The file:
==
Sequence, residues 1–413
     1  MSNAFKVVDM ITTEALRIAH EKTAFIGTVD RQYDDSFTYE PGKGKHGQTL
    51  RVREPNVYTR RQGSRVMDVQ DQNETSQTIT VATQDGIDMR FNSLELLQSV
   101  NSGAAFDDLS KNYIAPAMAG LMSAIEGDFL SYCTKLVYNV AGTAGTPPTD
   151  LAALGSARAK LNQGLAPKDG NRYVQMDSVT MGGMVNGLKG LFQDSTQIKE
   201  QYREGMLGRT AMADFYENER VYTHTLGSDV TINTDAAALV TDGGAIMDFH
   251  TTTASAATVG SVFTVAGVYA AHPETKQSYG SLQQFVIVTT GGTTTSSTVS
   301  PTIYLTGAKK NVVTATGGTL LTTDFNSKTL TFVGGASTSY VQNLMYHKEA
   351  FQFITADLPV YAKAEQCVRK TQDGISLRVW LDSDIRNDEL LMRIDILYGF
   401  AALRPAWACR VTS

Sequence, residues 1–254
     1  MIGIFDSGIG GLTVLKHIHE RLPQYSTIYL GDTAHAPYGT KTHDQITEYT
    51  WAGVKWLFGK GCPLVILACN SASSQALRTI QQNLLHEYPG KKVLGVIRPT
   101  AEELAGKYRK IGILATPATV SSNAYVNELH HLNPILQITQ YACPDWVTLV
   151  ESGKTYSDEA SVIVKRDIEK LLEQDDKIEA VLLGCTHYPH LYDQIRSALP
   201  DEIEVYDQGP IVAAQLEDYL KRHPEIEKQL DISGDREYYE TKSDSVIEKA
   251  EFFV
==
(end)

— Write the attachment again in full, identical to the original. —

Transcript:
Sequence, residues 1–413
     1  MSNAFKVVDM ITTEALRIAH EKTAFIGTVD RQYDDSFTYE PGKGKHGQTL
    51  RVREPNVYTR RQGSRVMDVQ DQNETSQTIT VATQDGIDMR FNSLELLQSV
   101  NSGAAFDDLS KNYIAPAMAG LMSAIEGDFL SYCTKLVYNV AGTAGTPPTD
   151  LAALGSARAK LNQGLAPKDG NRYVQMDSVT MGGMVNGLKG LFQDSTQIKE
   201  QYREGMLGRT AMADFYENER VYTHTLGSDV TINTDAAALV TDGGAIMDFH
   251  TTTASAATVG SVFTVAGVYA AHPETKQSYG SLQQFVIVTT GGTTTSSTVS
   301  PTIYLTGAKK NVVTATGGTL LTTDFNSKTL TFVGGASTSY VQNLMYHKEA
   351  FQFITADLPV YAKAEQCVRK TQDGISLRVW LDSDIRNDEL LMRIDILYGF
   401  AALRPAWACR VTS

Sequence, residues 1–254
     1  MIGIFDSGIG GLTVLKHIHE RLPQYSTIYL GDTAHAPYGT KTHDQITEYT
    51  WAGVKWLFGK GCPLVILACN SASSQALRTI QQNLLHEYPG KKVLGVIRPT
   101  AEELAGKYRK IGILATPATV SSNAYVNELH HLNPILQITQ YACPDWVTLV
   151  ESGKTYSDEA SVIVKRDIEK LLEQDDKIEA VLLGCTHYPH LYDQIRSALP
   201  DEIEVYDQGP IVAAQLEDYL KRHPEIEKQL DISGDREYYE TKSDSVIEKA
   251  EFFV